Q: What was the European Court of Justice's (ECJ) decision.
A: The court ruled against the Premier League, and in favour of Portsmouth publican Karen Murphy, to say that she should be allowed to buy a foreign satellite decoder to show matches at 3pm on Saturdays.
Q: What are the implications of the decision?
A: On the face of it, anyone in the UK should now be able to buy decoders to watch matches at any time. That could lead to the Premier League being forced to sell their TV rights in one giant pan-European package.
Q: What else can the Premier League do?
A: There is a still a long way to go in the legal battles. They could also introduce their own Premier League subscription TV channel, or maintain sales on a country-by-country basis but exclude countries such as Greece who do not pay very much and yet are providing cheap alternatives to Sky for pubs and clubs.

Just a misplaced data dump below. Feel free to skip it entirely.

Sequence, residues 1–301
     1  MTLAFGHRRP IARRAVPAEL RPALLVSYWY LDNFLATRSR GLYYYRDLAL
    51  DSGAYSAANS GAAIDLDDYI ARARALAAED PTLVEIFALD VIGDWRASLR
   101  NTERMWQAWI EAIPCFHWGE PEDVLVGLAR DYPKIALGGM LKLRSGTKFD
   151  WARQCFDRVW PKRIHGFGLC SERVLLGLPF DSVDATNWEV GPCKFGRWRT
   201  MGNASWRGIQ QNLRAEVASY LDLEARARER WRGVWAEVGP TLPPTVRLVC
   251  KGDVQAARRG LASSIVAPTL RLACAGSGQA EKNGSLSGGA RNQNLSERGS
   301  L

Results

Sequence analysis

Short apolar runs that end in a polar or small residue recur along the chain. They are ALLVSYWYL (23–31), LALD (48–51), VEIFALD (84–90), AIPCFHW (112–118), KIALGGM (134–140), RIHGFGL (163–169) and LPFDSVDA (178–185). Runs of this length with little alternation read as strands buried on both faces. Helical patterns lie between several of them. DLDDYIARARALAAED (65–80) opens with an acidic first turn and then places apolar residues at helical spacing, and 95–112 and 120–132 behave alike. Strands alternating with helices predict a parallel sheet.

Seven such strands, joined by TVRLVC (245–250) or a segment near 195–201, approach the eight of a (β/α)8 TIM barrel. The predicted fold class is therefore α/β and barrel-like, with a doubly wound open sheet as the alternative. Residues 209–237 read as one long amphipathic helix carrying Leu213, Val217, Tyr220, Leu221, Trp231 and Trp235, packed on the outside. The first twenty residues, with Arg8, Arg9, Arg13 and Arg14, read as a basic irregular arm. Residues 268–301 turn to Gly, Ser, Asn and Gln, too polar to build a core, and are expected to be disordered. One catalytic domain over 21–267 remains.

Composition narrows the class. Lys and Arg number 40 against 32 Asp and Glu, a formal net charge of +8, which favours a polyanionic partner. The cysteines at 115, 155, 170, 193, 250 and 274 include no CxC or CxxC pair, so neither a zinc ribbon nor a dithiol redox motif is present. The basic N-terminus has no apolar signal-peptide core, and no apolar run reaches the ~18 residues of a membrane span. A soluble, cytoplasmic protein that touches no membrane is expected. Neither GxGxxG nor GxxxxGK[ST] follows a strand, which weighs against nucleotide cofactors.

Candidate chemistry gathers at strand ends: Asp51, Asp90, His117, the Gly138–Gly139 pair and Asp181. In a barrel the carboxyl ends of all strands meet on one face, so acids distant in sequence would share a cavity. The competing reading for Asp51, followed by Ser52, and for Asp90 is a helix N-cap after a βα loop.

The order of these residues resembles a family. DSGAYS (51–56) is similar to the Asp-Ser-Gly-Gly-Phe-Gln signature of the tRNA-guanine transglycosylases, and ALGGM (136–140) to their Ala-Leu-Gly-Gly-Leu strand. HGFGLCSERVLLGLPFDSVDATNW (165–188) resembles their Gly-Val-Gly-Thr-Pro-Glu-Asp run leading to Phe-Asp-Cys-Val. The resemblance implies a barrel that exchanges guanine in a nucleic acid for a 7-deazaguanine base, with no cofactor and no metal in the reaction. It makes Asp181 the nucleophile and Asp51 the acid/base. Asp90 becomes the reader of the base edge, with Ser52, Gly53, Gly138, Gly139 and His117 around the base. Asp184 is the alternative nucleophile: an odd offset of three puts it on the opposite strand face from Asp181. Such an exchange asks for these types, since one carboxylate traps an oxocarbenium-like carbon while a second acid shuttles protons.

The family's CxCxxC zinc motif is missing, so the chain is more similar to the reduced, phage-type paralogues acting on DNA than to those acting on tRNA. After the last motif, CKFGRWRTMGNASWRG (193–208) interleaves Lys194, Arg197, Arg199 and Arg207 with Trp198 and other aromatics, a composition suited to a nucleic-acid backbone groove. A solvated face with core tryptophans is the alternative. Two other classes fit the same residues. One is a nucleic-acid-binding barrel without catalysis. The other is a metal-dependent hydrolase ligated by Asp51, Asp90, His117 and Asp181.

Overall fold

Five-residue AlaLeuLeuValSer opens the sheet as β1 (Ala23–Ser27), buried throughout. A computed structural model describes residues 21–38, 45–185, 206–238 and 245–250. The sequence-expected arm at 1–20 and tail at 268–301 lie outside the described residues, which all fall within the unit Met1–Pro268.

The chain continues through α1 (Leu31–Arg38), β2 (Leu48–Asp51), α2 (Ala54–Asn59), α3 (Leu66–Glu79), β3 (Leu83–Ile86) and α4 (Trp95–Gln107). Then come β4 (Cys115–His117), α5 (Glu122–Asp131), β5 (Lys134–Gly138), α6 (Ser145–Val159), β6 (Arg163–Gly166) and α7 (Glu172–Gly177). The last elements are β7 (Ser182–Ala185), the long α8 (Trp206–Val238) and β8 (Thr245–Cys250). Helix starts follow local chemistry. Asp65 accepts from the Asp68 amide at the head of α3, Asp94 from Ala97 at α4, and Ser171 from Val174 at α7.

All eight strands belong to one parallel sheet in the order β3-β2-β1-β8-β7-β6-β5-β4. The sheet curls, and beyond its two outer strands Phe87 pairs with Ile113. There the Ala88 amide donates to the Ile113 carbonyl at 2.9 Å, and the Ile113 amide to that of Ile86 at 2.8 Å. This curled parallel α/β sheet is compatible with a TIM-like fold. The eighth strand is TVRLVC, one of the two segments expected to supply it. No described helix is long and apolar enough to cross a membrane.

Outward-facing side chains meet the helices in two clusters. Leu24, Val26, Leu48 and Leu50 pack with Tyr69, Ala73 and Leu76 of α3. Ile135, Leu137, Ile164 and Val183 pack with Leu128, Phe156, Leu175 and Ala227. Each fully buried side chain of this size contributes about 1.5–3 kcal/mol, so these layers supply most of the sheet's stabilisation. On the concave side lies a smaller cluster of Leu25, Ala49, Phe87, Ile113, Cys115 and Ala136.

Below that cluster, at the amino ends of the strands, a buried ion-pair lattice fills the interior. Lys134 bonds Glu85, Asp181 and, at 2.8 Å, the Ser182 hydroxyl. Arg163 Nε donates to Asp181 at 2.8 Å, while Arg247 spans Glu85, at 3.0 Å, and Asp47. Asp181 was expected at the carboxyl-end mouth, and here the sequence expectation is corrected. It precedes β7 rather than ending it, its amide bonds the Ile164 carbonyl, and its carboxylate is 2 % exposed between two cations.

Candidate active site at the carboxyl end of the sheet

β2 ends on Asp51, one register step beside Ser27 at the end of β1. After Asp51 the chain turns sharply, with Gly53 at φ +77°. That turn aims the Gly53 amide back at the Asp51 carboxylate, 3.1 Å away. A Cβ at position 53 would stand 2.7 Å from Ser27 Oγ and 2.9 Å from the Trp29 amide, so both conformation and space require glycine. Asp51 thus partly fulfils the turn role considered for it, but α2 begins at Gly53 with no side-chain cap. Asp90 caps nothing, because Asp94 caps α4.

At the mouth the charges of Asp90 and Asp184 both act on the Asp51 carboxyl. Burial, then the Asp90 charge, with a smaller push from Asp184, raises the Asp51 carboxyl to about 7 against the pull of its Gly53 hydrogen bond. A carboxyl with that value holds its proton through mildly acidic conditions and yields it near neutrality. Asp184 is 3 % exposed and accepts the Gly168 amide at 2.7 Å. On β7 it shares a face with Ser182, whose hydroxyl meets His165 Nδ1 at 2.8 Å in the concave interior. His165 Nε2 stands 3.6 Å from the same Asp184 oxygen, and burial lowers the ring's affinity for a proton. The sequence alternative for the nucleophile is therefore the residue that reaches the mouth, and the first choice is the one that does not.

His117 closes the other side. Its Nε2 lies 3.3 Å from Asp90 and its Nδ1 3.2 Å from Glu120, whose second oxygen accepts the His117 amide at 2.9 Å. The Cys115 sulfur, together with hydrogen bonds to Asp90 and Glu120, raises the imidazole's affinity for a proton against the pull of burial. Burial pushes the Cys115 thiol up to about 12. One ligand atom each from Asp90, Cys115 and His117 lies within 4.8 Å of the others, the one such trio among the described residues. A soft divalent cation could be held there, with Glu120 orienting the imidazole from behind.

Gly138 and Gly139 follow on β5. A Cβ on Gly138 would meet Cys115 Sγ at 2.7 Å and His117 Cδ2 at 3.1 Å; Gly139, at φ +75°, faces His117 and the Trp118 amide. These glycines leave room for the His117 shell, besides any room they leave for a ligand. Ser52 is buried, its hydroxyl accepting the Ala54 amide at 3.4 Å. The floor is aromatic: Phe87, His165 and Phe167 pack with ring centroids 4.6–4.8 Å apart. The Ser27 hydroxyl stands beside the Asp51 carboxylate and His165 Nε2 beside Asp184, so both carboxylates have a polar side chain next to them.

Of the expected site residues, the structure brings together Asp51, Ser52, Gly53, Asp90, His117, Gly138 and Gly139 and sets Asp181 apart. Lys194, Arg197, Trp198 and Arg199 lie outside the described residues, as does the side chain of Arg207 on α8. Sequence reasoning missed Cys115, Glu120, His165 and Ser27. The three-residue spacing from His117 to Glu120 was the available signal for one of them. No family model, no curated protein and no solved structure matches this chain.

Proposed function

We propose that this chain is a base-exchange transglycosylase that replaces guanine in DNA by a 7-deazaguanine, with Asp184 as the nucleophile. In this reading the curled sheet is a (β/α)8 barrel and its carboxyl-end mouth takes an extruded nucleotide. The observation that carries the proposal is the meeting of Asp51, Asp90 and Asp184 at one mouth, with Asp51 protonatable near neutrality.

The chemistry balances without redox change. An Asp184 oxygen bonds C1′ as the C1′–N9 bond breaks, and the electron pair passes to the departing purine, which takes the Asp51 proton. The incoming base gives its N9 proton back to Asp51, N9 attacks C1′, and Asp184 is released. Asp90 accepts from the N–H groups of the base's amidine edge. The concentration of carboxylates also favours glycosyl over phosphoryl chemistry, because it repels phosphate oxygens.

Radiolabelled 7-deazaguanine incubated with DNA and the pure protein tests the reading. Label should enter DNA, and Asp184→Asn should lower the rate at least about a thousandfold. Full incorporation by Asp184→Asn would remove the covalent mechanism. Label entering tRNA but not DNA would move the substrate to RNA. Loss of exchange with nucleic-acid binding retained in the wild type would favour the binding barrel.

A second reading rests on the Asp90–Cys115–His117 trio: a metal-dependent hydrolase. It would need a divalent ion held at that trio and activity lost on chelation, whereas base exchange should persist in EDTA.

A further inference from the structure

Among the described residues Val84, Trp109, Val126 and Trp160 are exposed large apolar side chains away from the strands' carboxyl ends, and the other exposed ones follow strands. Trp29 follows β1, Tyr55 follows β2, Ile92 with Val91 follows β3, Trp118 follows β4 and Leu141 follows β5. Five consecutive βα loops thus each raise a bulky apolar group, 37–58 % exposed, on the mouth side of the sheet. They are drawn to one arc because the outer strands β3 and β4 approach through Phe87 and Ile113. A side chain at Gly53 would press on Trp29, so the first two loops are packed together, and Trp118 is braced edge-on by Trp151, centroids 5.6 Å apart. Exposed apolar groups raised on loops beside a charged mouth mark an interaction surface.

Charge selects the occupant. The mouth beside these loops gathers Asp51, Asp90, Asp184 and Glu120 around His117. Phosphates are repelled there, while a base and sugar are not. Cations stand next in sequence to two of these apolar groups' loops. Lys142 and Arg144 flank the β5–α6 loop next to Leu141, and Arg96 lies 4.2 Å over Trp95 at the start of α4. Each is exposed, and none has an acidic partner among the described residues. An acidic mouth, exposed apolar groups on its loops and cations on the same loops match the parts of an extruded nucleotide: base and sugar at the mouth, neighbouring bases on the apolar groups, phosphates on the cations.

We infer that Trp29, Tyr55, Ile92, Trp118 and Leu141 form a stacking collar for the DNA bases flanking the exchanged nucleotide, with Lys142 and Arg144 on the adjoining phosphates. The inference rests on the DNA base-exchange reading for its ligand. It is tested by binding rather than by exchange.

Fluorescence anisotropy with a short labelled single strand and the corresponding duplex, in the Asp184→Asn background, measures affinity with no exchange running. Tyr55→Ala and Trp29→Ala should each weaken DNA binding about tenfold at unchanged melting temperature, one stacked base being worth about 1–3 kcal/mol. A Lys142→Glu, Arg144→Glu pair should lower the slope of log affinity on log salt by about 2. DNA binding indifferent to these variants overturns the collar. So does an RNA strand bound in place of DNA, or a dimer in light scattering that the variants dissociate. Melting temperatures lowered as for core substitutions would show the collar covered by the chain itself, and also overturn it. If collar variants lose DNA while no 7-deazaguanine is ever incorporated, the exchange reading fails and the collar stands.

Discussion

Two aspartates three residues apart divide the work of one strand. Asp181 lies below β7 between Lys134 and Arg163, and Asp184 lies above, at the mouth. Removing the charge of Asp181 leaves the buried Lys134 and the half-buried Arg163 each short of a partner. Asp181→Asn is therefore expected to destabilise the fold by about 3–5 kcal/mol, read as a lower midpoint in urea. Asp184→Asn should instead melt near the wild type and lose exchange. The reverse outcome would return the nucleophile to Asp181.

Q: Will it be cheaper for the man in the street?
A: No - the saving is really for pubs. Greek station Nova charges £45 per month for sports, much the same as Sky for non-commercial consumers, and there is the cost of the equipment too.
Q: Was the ECJ decision a completely clear-cut ruling?
A: Being a European court, of course not. The ECJ also stated that although the matches could not be subject to copyright, the Premier League's anthem and "various graphics" could be.
Q: What does that mean?
A: It allows the Premier League to argue in court that all logos shown during matches are their copyright, and therefore they have to give permission to the likes of Karen Murphy for live football to be shown.
Q: Does that mean it will be going back to court?
A: Yes indeed - next stop the High Court.